We confront, on a daily basis, any number of situations in which people resolve cognitive dissonance through rationalizations. The criminal who justifies his crimes blaming his difficult living conditions, the person who feels he got fired simply because his boss did not like his looks, or the self-made billionaire who keeps away from meeting people from his past since he is convinced that all they want is his money – are all examples of rationalizations to manage cognitive dissonance.

Nearer home, this bias is present in academic circles, where a researcher will deliberately choose to overlook all data that contradicts his theory in an attempt to increase the credibility of his study.

What we need to introspect seriously is how we can prevent ourselves from falling prey to “Believing our own Lies”, which is the dangerous consequence of cognitive dissonance.

The potential tools at our disposal are some meditation training practice that will improve our awareness of this tendency and lot more of self-introspection questioning our own points of view.

Psychologists Daniel Kahneman of Princeton and Amos Tversky of Stanford University published in 1979 a breakthrough paper called “Prospect Theory: An Analysis of Decision under Risk,” on how people think about and handle uncertain rewards and corresponding risks.

In the ensuing decades, this seminal paper in Behavioral Economics became one of the most widely cited papers in Economics. The authors argued that the ways in which alternatives are framed had strong influence on the decisions that people made.

Edward Russo and Paul Shoemaker provide an amusing story to illustrate the power of framing. A Jesuit and a Franciscan were seeking permission from their superiors to be allowed to smoke while they prayed. The Franciscan simply requested for permission to smoke while he prayed. His request, as to be expected, was straight away denied. The Jesuit, on the other hand, framed the question in a different way: “In moments of human weakness when I smoke, may I also pray?’’ He got the approval.

Similarly the “loss aversion” theory posits that the pleasure people derive from gains is less intense than the pain from equivalent losses. In fact people prefer the option that avoids losses even when the alternative option of gains is twice as much. Marketers fully understand this and frame the expected results of their products or services in terms of  “gains” and “successes” and avoiding words that connote “losses” and “failures.”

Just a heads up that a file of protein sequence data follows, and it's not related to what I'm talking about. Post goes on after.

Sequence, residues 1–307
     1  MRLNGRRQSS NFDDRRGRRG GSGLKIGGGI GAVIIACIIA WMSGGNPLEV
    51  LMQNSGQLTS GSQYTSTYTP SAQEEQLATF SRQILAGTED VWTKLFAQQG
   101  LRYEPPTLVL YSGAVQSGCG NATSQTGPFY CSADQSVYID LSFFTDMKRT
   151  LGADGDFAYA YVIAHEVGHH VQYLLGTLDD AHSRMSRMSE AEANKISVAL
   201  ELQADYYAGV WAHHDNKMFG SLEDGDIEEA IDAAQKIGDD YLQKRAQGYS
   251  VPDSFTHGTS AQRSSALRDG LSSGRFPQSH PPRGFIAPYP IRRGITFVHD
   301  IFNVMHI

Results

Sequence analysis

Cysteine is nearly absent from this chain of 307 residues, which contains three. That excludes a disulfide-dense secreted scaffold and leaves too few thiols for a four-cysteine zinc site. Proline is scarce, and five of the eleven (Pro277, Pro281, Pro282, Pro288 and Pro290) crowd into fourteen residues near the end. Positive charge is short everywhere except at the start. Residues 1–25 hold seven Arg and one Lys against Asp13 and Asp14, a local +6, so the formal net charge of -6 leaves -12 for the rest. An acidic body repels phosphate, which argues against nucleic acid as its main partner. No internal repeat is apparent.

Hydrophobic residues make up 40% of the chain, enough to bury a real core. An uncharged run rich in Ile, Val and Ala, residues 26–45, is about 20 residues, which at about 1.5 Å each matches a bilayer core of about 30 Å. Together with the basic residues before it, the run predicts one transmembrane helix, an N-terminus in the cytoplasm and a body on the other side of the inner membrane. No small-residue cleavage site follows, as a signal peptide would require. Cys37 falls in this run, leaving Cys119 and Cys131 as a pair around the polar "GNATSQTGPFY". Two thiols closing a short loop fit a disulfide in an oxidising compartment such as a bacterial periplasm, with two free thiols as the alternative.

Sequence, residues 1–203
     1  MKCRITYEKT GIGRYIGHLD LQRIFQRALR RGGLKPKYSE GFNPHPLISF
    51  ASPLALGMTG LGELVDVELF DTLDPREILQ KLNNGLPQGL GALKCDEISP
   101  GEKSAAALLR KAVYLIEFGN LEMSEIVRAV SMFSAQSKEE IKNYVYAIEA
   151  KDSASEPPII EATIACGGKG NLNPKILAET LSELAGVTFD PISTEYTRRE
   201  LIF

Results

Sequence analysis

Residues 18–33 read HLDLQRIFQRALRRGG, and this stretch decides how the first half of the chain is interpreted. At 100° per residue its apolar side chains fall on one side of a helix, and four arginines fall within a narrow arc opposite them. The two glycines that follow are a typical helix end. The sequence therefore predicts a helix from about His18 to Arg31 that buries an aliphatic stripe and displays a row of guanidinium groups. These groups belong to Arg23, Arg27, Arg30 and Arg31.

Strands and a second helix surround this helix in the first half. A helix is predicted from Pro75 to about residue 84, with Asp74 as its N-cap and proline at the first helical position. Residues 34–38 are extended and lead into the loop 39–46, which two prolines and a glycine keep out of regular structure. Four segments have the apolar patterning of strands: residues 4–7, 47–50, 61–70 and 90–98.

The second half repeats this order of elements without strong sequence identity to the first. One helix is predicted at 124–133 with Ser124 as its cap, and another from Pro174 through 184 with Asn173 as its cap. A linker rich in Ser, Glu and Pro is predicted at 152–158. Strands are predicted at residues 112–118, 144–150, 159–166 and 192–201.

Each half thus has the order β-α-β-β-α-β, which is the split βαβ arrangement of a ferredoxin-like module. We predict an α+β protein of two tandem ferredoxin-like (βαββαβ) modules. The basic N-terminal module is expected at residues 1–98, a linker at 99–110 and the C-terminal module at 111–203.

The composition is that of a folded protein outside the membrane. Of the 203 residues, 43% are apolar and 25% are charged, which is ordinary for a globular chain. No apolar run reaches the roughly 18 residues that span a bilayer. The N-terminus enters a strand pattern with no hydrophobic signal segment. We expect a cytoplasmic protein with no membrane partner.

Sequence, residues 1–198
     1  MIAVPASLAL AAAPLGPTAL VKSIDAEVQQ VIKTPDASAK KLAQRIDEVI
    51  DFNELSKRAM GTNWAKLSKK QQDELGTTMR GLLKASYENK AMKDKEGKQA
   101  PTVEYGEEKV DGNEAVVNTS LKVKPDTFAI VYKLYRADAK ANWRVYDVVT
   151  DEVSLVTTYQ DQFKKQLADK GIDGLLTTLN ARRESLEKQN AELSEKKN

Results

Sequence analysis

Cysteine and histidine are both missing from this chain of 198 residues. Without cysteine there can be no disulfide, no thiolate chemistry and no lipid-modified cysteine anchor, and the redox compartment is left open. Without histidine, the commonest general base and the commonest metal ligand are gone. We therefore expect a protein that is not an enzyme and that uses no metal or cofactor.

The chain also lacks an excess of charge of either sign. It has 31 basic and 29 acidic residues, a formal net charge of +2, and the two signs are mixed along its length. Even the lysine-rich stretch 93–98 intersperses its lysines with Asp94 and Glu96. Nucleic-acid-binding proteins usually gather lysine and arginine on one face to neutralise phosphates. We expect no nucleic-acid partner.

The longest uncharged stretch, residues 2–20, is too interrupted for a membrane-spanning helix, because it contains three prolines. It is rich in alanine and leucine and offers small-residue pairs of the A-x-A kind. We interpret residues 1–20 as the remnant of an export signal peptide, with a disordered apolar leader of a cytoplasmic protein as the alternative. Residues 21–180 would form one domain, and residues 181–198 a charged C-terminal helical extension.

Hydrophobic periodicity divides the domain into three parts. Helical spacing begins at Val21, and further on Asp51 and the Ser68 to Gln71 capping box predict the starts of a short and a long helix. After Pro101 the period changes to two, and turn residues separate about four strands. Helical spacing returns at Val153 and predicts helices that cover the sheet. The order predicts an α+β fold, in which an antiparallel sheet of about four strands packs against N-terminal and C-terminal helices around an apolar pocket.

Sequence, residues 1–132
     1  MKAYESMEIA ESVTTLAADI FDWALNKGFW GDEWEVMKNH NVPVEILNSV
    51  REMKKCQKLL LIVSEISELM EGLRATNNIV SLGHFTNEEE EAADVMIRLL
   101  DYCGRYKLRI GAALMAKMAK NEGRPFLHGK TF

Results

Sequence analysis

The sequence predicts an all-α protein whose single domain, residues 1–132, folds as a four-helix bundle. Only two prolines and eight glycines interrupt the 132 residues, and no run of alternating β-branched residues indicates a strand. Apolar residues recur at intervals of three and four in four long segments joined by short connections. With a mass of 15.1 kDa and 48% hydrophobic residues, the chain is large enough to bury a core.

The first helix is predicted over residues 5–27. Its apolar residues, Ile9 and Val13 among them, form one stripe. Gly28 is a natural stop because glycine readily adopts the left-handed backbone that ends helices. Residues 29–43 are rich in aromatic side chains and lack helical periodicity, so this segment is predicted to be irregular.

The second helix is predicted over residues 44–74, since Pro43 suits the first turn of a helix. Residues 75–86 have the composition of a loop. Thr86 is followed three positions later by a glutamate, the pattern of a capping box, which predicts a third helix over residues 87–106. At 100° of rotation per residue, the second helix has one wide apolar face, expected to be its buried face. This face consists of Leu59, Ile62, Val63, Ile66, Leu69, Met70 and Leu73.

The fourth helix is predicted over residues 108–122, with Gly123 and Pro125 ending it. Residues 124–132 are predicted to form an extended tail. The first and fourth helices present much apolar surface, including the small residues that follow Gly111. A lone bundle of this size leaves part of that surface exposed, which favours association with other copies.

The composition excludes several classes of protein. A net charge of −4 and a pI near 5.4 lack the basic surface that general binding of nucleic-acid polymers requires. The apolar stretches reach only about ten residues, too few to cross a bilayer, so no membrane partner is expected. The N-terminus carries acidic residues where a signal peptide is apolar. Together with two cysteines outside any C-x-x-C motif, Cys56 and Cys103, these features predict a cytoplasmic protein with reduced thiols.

Aldert Vrij in his book “Detecting Lies and Deceit” gives an interesting example on effects of framing. Participants in the experiment were shown a film of a traffic accident involving several cars. Among various questions about the accident, one particular question was differently framed for various groups. In the question “How fast were the cars going when they contacted each other?” the verb ‘contacted’ was replaced by ‘hit’, ‘bumped’, ‘collided’ or ‘smashed’ for various groups. While the question with the verb ‘contacted’ elicited the lowest speed of 31 miles per hour, the verb ‘smashed’ got the response of highest speed of 41 miles per hour.

One week later, the participants were asked whether they had noticed in the video broken glass at the accident site. Although the correct answer was ‘no,’ 32% of the participants who got the ‘smashed’ verb in their question responded that they did see the broken glass. This shows that the framing of the question can even influence the memory of the incident.

The strategic implication of all this for organizations is that when managers are pitching a proposition to their employees or to their customers or to any other stakeholders for that matter, they need to take special care to frame the proposal using appropriate words that will influence the recipients in the right direction.

End of Part-1

Link to Part 2 of the speech.